Scientists Show How Aging Cripples the Immune System, Suggesting Benefits of Antioxidants
Chemists Report Nicotine-Chomping Bacteria May Hold Key to Anti-Smoking Therapy
Team Makes Strides in Therapy Preventing Addiction Relapse by Erasing Drug-Associated Memories
Scientists Win $1.5 Million to Study New Strategies for Parkinson’s and Other Disorders
Snapshot: Briana Konnick



Team Makes Strides in Therapy Preventing Addiction Relapse by Erasing Drug-Associated Memories

By Eric Sauter and Mika Ono

Recovering addicts often grapple with the ghosts of their addiction—memories that tempt them to relapse even after rehabilitation and months, or even years, of drug-free living. Now, scientists from the Florida campus of The Scripps Research Institute (TSRI) have made a discovery that brings them closer to a new therapy based on selectively erasing these dangerous and tenacious drug-associated memories.

“We now have a viable target and by blocking that target, we can disrupt, and potentially erase, drug memories, leaving other memories intact,” said TSRI Associate Professor Courtney Miller. “The hope is that, when combined with traditional rehabilitation and abstinence therapies, we can reduce or eliminate relapse for meth users after a single treatment by taking away the power of an individual’s triggers.”

miller group
Authors of the new paper included (left to right) Scripps Florida’s Sherri Briggs, Ashley Blouin, Courtney Miller and Erica Young. (Photo by Trina Kemp.)

The new study, published this week online ahead of print by the journal Molecular Psychiatry, demonstrates the effectiveness of a single injection of an early drug candidate called blebbistatin in preventing relapse in animal models of methamphetamine addiction.

The new study builds on previous work in Miller’s lab. In 2013, the team made the surprising discovery that drug-associated memories could be selectively erased by targeting actin, the protein that provides the structural scaffold supporting memories in the brain. However, the therapeutic potential of the finding seemed limited by the problem that actin is critically important throughout the body—taking a pill that generally inhibits actin, even once, would likely be fatal.

In the new study, Miller and her colleagues report a major advance—the discovery of a safe route to selectively targeting brain actin through nonmuscle myosin II (NMII), a molecular motor that supports memory formation. To accomplish this, the researchers used a compound called blebbistatin that acts on this protein.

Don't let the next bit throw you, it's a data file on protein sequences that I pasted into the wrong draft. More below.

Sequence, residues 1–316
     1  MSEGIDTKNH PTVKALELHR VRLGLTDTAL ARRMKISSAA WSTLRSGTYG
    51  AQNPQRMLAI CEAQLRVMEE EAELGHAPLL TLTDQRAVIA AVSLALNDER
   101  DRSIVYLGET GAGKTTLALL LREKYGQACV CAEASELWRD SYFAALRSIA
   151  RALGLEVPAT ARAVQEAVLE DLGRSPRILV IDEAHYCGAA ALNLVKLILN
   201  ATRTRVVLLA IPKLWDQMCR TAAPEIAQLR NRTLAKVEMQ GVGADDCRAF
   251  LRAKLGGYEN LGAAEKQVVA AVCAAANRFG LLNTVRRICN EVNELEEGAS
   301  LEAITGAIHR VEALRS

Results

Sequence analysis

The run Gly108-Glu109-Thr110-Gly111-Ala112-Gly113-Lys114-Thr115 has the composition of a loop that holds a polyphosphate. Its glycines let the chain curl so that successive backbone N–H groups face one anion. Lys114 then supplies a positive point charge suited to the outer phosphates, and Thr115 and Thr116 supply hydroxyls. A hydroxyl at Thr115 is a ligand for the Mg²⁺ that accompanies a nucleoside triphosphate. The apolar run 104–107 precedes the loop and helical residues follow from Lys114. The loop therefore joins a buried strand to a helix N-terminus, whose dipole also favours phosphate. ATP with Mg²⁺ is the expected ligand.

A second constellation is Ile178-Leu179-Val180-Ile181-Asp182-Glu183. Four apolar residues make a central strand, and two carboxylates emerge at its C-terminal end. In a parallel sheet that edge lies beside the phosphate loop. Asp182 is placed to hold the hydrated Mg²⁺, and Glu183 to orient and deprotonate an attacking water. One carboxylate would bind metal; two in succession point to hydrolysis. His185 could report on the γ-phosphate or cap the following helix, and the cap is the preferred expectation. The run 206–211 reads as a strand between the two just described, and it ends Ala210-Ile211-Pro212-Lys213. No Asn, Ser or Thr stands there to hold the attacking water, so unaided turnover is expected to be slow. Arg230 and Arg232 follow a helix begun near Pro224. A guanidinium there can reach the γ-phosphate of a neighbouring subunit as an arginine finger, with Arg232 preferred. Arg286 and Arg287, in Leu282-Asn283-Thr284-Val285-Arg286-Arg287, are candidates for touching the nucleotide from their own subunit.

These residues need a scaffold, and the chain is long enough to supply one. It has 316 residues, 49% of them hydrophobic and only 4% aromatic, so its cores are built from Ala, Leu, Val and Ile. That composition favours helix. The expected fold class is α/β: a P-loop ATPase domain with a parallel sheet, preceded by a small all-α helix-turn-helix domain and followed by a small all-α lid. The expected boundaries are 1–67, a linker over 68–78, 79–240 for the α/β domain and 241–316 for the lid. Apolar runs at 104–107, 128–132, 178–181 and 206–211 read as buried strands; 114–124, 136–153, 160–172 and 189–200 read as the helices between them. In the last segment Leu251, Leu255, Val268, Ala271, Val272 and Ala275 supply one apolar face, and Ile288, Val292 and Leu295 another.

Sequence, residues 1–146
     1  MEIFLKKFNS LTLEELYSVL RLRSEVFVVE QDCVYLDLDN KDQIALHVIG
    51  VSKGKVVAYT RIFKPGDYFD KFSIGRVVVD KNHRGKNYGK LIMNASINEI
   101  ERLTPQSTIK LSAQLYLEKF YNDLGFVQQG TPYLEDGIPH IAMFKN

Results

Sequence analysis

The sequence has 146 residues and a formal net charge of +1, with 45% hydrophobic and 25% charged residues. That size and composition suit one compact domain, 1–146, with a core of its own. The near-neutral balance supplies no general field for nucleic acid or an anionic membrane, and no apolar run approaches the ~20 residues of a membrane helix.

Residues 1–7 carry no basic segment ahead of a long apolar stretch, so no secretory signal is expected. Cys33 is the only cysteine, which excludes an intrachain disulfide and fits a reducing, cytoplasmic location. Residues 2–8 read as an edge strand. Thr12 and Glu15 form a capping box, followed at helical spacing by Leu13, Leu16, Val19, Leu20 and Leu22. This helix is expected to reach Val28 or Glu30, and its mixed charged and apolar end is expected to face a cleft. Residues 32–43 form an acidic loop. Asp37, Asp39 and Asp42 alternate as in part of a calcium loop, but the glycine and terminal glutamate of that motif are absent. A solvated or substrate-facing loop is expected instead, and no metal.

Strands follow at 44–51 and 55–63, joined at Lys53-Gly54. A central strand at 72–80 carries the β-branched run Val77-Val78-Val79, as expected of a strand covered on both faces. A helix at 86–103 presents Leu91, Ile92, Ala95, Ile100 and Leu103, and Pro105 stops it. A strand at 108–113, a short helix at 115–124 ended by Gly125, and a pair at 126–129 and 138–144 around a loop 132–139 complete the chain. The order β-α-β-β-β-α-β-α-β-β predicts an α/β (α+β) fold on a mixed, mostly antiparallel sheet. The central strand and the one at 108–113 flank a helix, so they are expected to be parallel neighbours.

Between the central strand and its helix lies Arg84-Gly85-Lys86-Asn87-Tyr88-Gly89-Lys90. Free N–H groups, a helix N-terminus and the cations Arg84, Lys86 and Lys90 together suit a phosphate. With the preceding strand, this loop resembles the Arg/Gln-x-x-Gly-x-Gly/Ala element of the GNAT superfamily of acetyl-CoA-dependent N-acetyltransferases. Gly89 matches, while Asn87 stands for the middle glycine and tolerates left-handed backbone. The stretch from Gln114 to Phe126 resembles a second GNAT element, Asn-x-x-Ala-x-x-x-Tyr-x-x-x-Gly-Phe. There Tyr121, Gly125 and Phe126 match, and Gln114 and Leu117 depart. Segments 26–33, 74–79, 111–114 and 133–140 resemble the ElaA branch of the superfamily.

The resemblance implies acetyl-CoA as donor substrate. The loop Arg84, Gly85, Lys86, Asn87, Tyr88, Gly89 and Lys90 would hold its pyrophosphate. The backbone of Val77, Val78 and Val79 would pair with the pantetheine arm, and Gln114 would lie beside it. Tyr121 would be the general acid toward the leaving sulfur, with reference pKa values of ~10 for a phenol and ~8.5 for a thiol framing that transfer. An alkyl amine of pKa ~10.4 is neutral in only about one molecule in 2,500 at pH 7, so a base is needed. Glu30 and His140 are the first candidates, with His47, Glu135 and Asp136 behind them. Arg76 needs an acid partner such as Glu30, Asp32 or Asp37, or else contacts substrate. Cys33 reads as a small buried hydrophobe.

The results showed that a single injection of blebbistatin successfully disrupted long-term storage of drug-related memories—and blocked relapse for at least a month in animal models of methamphetamine addiction.

“What makes myosin II such an exciting therapeutic target is that a single injection of blebbistatin makes methamphetamine-associated memories go away, along with dendritic spines, the structures in the brain that store memory,” said Research Associate Erica Young, a member of the Miller lab and a key author of the new study, along with Research Associates Ashley M. Blouin and Sherri B. Briggs.

Blouin added, “Drugs targeting actin usually have to be delivered directly into the brain. But blebbistatin reaches the brain even when injected into the body’s periphery and, importantly, the animals remained healthy.”

Moreover, the effect of this novel treatment approach was specific to drug-associated memories (not affecting other memories), and the animals were still able to form new recollections.

“Our results argue for developing small molecule inhibitors of nonmuscle myosin II as potential therapeutics for relapse prevention, and that’s exactly what we’re doing with our colleagues here at Scripps with expertise in drug development,” said Briggs.

In addition to Miller, Young, Blouin and Briggs, other authors of the study, “Nonmuscle Myosin IIB as a Therapeutic Target for the Prevention of Relapse to Methamphetamine Use,” include Stephanie E. Sillivan, Michael D. Cameron and Gavin Rumbaugh of TSRI. See

This work was supported by the National Institute on Drug Abuse (R01DA034116, R01DA034116S1 and R21DA036376), the National Institute for Neurological Disorders and Stroke (R01NS064079), the National Institute for Mental Health (R01MH096847) and the Brain and Behavior Research Foundation (NARSAD Young Investigator Awards).

Send comments to: press[at]